The paradigm shift that I am observing globally is that this process is being reversed. We are moving towards using content and our means of covering it (mathematical angles, story-writing, science labs, etc…) in order to develop competencies such as communication, critical thinking and problem-solving. It’s just looking at the process in a different light. Consider the shift in my goals, and the medium used to achieve them, from 1996 to present.
Goal: Students to learn ratio, scale, flight basics (content)
Medium: Create kites in teams (employing creativity and communication competencies)
Goal: Develop problem solving, communication and digital literacy competencies.
Medium: A kite-building activity that builds on students’ knowledge of content: ratio, scale, flight.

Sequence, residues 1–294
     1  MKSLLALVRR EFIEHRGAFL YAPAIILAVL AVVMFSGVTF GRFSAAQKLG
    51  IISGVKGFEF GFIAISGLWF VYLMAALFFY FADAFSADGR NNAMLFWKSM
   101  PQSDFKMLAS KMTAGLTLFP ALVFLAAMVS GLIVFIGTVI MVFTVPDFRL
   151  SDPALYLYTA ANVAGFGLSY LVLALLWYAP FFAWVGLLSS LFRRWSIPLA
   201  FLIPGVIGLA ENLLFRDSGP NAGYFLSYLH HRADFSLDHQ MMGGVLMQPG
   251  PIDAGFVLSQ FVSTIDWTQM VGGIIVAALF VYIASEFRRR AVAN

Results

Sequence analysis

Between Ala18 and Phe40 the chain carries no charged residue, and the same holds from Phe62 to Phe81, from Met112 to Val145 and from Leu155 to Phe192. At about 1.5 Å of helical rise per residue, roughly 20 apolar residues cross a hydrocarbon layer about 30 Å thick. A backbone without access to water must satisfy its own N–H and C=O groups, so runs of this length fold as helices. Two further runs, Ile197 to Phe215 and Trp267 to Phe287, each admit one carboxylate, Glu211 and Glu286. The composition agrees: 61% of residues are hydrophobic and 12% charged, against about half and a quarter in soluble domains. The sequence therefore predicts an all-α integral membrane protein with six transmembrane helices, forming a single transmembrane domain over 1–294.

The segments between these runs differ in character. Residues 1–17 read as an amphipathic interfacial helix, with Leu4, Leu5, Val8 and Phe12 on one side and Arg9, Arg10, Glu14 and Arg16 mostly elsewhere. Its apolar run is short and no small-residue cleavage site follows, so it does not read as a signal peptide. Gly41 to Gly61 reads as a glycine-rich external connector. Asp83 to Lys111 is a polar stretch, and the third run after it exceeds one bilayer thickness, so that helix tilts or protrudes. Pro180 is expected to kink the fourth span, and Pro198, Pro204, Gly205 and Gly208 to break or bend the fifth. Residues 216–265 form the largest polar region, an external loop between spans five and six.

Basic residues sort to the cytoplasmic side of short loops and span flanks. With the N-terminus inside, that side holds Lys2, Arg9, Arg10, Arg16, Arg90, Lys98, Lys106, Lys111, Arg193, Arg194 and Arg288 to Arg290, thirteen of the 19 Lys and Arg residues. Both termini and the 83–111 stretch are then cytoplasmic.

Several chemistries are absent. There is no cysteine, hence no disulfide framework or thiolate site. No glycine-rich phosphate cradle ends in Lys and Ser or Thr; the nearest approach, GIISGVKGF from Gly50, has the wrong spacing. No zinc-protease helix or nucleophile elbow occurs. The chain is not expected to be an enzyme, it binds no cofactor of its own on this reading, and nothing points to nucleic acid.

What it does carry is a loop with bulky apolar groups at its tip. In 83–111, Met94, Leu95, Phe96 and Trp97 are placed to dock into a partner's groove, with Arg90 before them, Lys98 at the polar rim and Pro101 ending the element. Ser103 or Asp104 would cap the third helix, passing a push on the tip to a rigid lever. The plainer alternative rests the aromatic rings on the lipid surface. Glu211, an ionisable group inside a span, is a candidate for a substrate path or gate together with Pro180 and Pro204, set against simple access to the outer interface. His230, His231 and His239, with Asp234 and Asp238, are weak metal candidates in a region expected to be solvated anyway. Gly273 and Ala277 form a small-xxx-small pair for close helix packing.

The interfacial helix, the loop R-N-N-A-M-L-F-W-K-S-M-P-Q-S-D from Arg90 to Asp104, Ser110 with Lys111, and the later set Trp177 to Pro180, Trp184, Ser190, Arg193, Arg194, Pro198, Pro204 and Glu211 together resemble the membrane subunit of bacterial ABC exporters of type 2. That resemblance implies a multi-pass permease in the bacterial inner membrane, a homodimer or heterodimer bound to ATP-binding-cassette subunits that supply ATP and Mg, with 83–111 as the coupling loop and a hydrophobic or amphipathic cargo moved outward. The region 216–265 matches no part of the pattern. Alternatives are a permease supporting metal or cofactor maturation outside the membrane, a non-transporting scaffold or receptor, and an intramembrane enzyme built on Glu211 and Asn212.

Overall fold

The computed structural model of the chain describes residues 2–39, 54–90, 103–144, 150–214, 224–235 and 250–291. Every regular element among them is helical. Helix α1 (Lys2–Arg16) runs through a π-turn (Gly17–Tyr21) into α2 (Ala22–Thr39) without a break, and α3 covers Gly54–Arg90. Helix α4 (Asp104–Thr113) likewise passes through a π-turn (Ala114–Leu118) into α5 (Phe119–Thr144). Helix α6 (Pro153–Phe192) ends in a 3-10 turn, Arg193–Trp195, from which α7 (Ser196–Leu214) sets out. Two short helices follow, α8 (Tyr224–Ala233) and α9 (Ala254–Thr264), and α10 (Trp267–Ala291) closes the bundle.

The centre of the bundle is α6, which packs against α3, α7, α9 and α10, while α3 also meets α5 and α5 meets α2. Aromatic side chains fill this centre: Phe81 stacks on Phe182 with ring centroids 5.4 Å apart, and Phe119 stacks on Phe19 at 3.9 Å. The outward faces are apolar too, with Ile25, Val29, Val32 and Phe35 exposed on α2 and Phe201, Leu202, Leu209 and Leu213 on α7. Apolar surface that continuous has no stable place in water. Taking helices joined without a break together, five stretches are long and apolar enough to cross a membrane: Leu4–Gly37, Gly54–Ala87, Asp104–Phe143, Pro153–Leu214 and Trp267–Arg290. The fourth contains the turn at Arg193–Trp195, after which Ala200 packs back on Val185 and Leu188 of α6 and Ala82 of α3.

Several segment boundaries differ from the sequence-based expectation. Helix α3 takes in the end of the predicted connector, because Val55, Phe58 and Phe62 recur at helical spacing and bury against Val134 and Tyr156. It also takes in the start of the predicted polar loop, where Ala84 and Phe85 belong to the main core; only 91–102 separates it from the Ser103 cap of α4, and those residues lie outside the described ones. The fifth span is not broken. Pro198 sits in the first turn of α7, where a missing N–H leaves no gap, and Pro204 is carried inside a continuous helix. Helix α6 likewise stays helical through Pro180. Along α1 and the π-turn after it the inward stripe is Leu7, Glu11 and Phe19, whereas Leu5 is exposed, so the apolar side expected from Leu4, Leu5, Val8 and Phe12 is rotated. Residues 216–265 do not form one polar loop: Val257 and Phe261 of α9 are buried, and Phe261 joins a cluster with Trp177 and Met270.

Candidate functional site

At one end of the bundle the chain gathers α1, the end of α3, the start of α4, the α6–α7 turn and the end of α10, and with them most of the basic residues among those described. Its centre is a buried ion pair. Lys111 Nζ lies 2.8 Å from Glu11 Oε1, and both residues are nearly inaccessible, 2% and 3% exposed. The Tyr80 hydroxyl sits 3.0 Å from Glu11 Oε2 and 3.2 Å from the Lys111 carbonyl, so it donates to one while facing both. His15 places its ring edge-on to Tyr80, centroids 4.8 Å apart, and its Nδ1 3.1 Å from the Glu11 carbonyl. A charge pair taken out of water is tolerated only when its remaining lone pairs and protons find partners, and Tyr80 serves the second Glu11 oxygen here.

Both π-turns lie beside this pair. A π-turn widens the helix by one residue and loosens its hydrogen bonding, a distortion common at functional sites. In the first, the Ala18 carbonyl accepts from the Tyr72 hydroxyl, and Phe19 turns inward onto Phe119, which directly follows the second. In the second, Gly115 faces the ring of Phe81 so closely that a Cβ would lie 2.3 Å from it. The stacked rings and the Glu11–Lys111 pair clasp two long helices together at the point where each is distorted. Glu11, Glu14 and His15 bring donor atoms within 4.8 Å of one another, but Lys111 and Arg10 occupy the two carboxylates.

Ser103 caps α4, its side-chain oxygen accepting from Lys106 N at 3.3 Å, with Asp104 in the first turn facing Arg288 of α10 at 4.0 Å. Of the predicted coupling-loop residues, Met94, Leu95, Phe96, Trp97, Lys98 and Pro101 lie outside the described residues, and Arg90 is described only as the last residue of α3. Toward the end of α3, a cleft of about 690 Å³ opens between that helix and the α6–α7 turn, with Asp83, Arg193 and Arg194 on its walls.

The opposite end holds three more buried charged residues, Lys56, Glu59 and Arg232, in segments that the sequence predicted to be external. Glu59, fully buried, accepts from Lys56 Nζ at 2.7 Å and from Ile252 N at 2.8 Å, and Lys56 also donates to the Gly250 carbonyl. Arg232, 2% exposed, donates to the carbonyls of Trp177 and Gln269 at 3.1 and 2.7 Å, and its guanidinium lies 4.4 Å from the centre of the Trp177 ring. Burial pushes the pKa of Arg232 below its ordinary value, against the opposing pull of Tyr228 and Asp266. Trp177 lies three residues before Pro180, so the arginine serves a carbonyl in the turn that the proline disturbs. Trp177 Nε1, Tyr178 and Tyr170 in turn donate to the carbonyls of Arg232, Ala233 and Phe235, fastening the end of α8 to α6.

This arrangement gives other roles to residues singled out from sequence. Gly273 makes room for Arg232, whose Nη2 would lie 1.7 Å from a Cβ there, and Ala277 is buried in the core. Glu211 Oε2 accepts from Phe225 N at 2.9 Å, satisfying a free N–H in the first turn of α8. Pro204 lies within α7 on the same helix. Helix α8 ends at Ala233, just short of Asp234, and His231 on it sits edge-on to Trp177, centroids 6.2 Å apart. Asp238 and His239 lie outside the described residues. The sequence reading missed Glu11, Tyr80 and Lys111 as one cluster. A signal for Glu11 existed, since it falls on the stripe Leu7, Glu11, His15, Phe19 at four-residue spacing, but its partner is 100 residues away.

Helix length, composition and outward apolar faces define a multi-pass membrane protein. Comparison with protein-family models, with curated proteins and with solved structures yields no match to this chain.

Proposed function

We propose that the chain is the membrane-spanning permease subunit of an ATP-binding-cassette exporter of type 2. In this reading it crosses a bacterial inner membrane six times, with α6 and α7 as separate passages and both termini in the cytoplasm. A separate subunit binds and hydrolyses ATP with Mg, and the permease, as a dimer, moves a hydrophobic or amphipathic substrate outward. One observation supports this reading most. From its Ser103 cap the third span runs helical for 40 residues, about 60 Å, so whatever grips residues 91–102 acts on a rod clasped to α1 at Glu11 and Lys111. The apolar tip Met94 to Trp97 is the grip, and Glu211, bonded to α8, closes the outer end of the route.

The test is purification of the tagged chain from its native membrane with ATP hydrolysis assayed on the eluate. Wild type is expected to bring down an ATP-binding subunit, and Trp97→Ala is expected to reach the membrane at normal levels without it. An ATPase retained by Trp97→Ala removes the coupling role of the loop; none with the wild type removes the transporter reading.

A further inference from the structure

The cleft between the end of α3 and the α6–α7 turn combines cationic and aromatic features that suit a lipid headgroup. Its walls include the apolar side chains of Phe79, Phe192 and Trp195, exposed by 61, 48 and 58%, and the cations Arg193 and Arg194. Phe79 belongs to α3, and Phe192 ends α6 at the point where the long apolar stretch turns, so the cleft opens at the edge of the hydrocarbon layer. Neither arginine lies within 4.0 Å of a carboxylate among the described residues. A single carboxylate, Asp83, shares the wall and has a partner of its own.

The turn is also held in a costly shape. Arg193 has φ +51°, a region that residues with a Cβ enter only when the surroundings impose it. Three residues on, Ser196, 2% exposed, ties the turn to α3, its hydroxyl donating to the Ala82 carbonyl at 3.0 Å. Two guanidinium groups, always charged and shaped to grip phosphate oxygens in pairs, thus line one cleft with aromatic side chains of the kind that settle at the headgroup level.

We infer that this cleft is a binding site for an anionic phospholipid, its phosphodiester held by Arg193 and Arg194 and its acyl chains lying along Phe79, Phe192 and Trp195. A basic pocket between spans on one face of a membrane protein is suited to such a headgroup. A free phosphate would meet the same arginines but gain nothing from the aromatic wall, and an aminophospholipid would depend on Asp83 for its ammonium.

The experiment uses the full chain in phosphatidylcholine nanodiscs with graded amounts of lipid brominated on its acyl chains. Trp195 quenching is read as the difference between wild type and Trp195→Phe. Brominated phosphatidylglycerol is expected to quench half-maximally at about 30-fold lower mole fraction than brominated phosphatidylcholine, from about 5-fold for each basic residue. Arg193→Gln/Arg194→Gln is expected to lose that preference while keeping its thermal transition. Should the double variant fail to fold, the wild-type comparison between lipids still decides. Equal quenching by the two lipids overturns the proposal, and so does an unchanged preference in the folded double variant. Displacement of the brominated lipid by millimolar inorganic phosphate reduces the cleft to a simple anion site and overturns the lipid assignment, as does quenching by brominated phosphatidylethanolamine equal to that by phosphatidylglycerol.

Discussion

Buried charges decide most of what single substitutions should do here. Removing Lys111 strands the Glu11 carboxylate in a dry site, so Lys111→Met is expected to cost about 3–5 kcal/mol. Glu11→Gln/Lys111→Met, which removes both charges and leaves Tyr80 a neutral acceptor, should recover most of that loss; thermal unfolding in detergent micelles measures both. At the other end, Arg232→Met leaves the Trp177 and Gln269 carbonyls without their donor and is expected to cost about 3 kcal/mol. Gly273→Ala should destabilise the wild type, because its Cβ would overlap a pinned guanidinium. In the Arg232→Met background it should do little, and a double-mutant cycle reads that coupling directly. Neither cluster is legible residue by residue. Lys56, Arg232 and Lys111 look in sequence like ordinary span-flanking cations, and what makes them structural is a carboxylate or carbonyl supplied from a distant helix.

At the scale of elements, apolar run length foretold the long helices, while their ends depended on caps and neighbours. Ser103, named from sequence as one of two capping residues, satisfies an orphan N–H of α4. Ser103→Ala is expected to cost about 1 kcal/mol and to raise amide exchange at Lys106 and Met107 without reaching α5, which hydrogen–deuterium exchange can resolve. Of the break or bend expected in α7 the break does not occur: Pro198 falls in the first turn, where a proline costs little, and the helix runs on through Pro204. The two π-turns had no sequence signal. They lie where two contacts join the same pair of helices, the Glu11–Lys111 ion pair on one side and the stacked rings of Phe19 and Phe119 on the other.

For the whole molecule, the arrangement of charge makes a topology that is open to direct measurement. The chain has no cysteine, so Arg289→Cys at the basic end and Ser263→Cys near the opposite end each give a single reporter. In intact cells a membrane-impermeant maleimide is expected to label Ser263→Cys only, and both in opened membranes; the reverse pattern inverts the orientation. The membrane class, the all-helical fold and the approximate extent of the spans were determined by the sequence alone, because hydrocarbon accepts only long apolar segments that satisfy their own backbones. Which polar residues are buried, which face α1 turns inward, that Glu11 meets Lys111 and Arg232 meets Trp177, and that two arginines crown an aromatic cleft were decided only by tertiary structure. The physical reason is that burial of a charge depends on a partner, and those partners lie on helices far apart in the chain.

What’s essential is that we all own the development of competencies in each of our curricular areas, and it turns out research supports this notion. In the past, we’ve tended to compartmentalize competencies, tasking whole departments to take the lead on certain areas. You’re after creativity? You’ll find that in Ms. Field’s Art class – room 22! Oh, and if you’re after communication, our English department is on the third floor. It seems that this approach is misguided. As human beings, we are quite context-dependent in our development of skills. With the exception of collaboration, Wiliam contends that all other competencies actually do not easily transfer from one context to another, and he cites studies to prove it. People who learn something underwater better recall that learning when they’re back underwater.7 When we learn something in a certain room, we better recall it in that room8 and, interestingly enough, when we learn something under the influence of alcohol, we test better once we are again… slightly inebriated.9